We age because our hormones decline. Some people are old at 21 and some people are young at 91. Time is a concept that humans created. Aging is not lost youth, but a new stage of opportunity and strength. In both men and women, hormone imbalances start from age 30 on, and by age 50, hormones are functioning at 50%, and this includes estrogen, progesterone, testosterone, DHEA, growth hormone, melatonin, and thyroid. While genetics and a healthy lifestyle both play a role, at some point our organs will not produce the hormones we need to optimally age.
Why Should I Restore My Hormones?
People restore hormones because of symptoms they have, but a more compelling reason to restore it is the great potential to prevent degenerative diseases. Research has noted that every brain cell, heart cell, nerve cell, bone cell, vascular cell and skin cell has a receptor for estrogen, progesterone, testosterone and thyroid. So, it is clear that as hormones decline, so will the stimulation of all these cells, thus producing symptoms such as fatigue, mood swings, sexual dysfunction, weight gain, insomnia, anxiety, cognitive decline and degenerative medical conditions such as osteoporosis and coronary artery disease.
One of the first hormones to decline in women is progesterone at age 35. Symptoms like anxiety, menstrual changes, PMS, non-restorative sleep, mood swings, hot flashes, fibroids and breast/ovarian cysts occur. Progesterone is also responsible for bone building. Estrogen starts declining around age 45 and both progesterone and estrogen wane together at about age 50, in turn welcoming menopause. Declining estrogen levels make way for hot flashes, bone loss, cognitive decline, skin & vaginal dryness, and urinary incontinence.
Hormone replacement therapy (HRT) brings to light the looming question of risks related to breast cancer, strokes and heart attacks. Most women are protected during their 30’s when hormone levels are at their peak. Only after menopause is when women have increased risks for breast cancer, stroke, and heart attack. Why is that? To begin, progesterone, which prevents breast cell division, starts to decline in the late 30’s. Then in the 40’s, estrogen imbalance occurs. There are three types of estrogen… E1 (estrone), E2 (estradiol), E3 (estriol). E3, which is breast and clot protective, decreases from 80% to 10%. E1, which is breast and clot stimulating, increases from 10% to 80%. Since the increased levels of E1 are undesirable, it is converted to forms of estrogen that are carcinogenic and mutagenic to the breast. Restoration of protective hormones should be strongly considered as a possible preventative step against breast cancer.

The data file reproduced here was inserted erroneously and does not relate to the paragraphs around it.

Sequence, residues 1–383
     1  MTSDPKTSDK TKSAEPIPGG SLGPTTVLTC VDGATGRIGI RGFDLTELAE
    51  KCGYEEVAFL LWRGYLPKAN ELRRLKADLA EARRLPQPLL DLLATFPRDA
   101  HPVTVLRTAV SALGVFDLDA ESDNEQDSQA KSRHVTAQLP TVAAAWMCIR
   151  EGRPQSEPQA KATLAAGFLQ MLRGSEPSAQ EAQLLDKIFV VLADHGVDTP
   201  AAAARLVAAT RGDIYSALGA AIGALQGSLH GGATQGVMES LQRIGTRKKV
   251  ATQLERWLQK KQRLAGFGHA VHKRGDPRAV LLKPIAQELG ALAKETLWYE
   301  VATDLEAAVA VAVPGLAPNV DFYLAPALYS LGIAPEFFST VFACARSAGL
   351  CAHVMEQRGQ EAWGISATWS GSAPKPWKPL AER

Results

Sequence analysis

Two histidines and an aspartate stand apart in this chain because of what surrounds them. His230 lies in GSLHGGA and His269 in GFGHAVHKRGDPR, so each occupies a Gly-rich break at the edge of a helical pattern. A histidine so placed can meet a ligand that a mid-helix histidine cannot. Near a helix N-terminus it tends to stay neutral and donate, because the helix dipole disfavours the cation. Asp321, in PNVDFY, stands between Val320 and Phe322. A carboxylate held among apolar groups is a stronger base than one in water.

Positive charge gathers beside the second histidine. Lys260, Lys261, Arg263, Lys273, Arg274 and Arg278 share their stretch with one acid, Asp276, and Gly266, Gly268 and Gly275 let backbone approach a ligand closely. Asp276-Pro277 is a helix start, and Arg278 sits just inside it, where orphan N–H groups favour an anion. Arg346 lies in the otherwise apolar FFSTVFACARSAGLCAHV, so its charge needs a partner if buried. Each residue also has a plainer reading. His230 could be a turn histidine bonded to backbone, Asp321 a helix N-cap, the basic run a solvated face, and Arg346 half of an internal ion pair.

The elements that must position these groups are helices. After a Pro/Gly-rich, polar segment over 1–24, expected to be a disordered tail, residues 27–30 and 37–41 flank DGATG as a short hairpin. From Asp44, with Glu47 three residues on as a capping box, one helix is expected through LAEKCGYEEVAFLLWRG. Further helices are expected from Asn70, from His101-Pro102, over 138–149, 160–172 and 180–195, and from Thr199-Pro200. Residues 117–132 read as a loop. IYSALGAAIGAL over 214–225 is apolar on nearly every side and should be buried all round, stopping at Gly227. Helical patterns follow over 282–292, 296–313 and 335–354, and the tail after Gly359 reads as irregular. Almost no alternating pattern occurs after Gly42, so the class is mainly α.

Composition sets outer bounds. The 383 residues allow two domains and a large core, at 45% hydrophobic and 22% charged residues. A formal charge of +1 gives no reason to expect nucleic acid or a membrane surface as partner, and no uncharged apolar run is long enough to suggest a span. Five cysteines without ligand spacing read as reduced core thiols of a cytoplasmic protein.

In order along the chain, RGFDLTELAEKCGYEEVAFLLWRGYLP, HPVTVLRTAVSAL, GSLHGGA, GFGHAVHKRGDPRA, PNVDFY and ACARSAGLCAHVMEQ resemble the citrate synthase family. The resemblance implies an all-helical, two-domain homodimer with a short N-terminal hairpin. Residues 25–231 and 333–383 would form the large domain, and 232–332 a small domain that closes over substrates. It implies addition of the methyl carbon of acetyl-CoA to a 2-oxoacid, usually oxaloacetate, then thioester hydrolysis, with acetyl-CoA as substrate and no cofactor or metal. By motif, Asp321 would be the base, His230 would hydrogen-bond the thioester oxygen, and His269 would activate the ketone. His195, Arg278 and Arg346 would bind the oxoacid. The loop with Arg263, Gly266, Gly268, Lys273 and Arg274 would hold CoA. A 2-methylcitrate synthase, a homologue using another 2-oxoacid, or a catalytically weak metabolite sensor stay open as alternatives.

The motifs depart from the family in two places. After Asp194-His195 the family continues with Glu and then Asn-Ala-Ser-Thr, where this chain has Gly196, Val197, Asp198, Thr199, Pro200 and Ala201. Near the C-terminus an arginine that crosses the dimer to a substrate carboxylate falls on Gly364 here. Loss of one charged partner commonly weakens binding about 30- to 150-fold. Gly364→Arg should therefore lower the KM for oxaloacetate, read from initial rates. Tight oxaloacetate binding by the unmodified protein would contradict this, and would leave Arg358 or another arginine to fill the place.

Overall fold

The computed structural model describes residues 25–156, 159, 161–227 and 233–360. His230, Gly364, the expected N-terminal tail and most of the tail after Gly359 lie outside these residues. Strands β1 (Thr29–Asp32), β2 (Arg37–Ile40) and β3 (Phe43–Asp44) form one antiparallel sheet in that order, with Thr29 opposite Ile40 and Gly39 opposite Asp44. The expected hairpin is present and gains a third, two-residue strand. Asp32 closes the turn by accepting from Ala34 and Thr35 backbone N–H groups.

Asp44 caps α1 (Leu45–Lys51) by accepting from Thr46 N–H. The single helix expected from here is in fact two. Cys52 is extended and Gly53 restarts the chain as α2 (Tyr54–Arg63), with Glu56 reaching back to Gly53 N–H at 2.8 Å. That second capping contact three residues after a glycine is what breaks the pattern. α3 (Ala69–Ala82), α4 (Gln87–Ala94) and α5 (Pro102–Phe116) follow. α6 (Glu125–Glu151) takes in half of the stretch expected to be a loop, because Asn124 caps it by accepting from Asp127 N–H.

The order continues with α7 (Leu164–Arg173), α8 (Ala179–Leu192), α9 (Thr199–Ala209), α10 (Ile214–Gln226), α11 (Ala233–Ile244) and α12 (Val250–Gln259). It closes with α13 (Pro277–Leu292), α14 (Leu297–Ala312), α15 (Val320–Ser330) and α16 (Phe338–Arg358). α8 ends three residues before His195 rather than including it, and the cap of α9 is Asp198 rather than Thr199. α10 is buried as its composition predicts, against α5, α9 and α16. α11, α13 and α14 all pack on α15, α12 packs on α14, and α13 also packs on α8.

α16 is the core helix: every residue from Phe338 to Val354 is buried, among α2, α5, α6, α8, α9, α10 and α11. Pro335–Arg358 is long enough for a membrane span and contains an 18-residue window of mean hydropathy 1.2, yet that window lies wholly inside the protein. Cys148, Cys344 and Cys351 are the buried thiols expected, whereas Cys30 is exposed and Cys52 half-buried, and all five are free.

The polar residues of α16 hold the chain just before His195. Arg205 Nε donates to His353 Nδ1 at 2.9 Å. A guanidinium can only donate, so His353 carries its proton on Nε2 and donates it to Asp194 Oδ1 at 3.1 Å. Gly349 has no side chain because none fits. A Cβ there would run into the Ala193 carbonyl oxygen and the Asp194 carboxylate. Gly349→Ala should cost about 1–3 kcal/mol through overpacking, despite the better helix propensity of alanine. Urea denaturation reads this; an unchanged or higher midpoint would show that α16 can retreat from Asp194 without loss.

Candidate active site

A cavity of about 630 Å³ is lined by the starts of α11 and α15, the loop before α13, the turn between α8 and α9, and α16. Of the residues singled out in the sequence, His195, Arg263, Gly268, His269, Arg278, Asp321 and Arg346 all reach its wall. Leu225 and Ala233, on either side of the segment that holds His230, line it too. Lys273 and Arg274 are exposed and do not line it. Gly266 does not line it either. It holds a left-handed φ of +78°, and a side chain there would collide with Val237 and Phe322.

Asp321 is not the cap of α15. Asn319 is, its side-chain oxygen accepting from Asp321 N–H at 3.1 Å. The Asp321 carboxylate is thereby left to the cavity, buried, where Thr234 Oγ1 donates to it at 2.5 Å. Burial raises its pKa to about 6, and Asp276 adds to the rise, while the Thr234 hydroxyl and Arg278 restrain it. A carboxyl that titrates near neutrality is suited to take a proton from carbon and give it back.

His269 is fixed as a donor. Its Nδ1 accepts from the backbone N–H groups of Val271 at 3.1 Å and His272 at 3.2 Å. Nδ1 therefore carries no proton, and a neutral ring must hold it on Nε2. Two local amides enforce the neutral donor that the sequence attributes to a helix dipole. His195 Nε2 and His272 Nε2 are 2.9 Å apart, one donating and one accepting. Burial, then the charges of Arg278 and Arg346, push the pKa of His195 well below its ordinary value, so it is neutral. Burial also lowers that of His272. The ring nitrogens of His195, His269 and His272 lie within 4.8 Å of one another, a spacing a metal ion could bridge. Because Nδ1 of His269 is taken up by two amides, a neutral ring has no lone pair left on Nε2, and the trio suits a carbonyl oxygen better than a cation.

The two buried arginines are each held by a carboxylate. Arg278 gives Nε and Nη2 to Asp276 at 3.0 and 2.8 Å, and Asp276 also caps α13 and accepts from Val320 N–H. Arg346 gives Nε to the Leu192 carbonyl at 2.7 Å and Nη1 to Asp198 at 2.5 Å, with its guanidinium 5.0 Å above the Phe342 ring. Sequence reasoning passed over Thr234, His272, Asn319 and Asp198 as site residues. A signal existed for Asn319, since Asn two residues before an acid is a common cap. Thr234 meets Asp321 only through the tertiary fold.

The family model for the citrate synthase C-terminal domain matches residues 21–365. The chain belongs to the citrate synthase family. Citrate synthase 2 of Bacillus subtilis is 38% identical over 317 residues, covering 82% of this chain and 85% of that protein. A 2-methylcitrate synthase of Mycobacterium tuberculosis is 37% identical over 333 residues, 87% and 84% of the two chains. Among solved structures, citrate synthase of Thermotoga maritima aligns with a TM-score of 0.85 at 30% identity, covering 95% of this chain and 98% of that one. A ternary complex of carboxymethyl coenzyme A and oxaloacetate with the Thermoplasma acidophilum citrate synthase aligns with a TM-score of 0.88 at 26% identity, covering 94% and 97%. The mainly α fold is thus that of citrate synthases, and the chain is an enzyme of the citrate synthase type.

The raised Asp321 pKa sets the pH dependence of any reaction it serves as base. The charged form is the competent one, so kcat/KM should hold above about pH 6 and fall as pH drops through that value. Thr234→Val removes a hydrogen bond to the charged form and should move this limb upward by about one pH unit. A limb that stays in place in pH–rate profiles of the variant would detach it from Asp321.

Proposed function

The Women’s Health Initiative study (WHI) in 2002 was followed by a lot of confusion and fright about HRT. However, the reanalysis of this study led to three following conclusions on hormone restoration. 1) when started early, hormones are protective for the heart and brain 2) PROGESTINS have been shown to increase clots and breast cancer in 5 trials compared with natural PROGESTERONE which is protective 3) bioidentical estradiol (E2) delivered through the skin is cardioprotective as opposed to estrone (E1) delivered orally (oral Premarin was used in the WHI study).
DR. VERMA ON BIOIDENTICAL HORMONES
Do Men Experience Menopause?
Andropause is the male menopause. Testosterone declines in men from the late 30’s onwards. This decline produces a loss of sexual desire, bone/joint pains, muscle atrophy & weakness, depression, moodiness, anxiety, and fat gain, especially in the abdominal area. Restoration of testosterone not only addresses these unwanted symptoms, but research studies have shown a protective role for testosterone against bone loss, cognitive decline, and heart disease. Traditionally, testosterone restoration was thought to be linked with prostate cancer and heart attacks. But if this were the case, then men should be having prostate cancer and heart attacks in their 20’s, when testosterone levels are at the highest instead of after 50 when they are lowest. The New England Journal of Medicine in 2004 published the conclusion that it is low testosterone and high estrogen that is associated with prostate cancer. Cardiology literature has since shown that males who maintain testosterone levels in the upper ranges are at lower risk for cardiac and neurologic events.
Other hormones that decline with age in both males and females include DHEA (enhances strength, sexual energy, immunity), melatonin (needed for restful sleep and is one of the most powerful anti-cancer hormones due to natural killer cell activation), pregnenolone (important for memory and concentration), growth hormone (maintains integrity of joints/bones/skin/fat/cartilage and prevents frailty), thyroid hormone (maintains metabolism, energy, body temperature, skin, hair, mental agility). Keep in mind that thyroid levels may be “normal” but not “optimal.” They can also be “optimal” but not “functional” because of nutrient deficiencies involving ferritin, zinc, and selenium. Also of note, glucose and insulin levels start getting imbalanced which leads to weight gain, pre-diabetes and increased risk for cardiac events. Insulin generally goes up in the early 40′s which can cause insulin resistance. Because of this, weight gain in insulin controlled areas such as the thighs, lower abdomen, under the arms and under the chin occur. Muscle also starts to be replaced with fat. Hormonal and nutritional restoration along with toxin clearance from the liver and bowel can correct the metabolic imbalances.